Less than 24 hours after the Conservative party victory in December’s general election, interest in south London’s prime property market was already picking up.
“I had a businessman from the United Arab Emirates, who had been sitting on the fence for months, call me up and say: ‘Let’s move,’” says Marc von Grundherr, a director of estate agency Benham & Reeves.
Later that day, they were finalising a deal worth £1.7m for a three-bedroom apartment in Battersea Power Station, the much-loved industrial building being converted into high-end homes on the south bank of the Thames.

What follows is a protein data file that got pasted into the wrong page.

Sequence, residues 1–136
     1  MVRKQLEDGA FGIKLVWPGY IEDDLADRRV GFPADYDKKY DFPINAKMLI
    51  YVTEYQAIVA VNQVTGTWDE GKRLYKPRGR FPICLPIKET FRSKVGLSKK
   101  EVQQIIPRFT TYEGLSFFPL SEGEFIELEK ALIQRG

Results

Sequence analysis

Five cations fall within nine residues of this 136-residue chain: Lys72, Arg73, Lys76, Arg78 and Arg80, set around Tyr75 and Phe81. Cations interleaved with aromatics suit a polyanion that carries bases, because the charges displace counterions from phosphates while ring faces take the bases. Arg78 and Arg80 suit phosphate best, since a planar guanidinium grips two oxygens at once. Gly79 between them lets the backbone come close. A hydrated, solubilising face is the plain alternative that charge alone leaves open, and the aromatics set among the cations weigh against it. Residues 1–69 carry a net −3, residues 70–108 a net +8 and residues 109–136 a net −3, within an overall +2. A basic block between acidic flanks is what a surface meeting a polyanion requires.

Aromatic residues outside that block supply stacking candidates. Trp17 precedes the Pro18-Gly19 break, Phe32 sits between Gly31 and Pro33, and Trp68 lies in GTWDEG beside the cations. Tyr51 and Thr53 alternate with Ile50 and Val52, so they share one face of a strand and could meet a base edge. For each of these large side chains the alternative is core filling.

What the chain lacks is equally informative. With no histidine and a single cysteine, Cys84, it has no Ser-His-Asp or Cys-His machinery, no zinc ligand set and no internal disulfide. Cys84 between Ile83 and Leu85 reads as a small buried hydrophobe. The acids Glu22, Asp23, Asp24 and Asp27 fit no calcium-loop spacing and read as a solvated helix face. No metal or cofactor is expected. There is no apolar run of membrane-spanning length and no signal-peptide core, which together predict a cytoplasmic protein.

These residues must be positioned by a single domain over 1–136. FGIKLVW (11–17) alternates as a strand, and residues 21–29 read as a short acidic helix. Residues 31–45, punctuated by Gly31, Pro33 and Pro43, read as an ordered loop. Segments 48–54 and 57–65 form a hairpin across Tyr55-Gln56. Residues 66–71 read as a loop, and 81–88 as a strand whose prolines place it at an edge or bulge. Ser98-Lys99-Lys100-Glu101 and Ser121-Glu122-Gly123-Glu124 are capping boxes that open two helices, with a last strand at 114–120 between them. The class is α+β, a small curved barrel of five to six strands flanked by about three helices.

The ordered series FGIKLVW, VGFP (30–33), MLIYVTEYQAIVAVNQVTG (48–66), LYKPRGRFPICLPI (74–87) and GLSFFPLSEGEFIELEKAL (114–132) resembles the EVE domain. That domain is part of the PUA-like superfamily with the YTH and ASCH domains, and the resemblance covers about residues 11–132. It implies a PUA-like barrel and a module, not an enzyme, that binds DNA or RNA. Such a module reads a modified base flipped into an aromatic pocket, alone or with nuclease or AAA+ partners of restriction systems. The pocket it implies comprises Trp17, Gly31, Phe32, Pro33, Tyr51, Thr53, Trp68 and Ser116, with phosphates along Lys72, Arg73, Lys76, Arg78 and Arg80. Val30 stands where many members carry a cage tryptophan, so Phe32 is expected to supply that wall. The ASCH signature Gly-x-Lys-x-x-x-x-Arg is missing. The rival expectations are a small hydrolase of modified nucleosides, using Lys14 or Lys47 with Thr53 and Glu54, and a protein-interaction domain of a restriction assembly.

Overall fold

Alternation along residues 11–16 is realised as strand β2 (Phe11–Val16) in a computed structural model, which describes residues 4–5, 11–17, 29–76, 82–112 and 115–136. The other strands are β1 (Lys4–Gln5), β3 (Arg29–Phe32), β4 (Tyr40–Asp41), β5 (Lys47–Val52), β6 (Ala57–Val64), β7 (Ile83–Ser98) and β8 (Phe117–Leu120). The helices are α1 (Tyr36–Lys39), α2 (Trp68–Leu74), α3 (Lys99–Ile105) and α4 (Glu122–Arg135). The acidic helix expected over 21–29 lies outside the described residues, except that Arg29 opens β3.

Developers in the wider Nine Elms area — the vast regeneration project surrounding the power station — will be hoping post-election optimism will ripple outwards. Parts of the area, which will eventually see the completion of 20,000 new homes, as well as landmark new office projects, still resemble a building site. And home sales have slipped recently.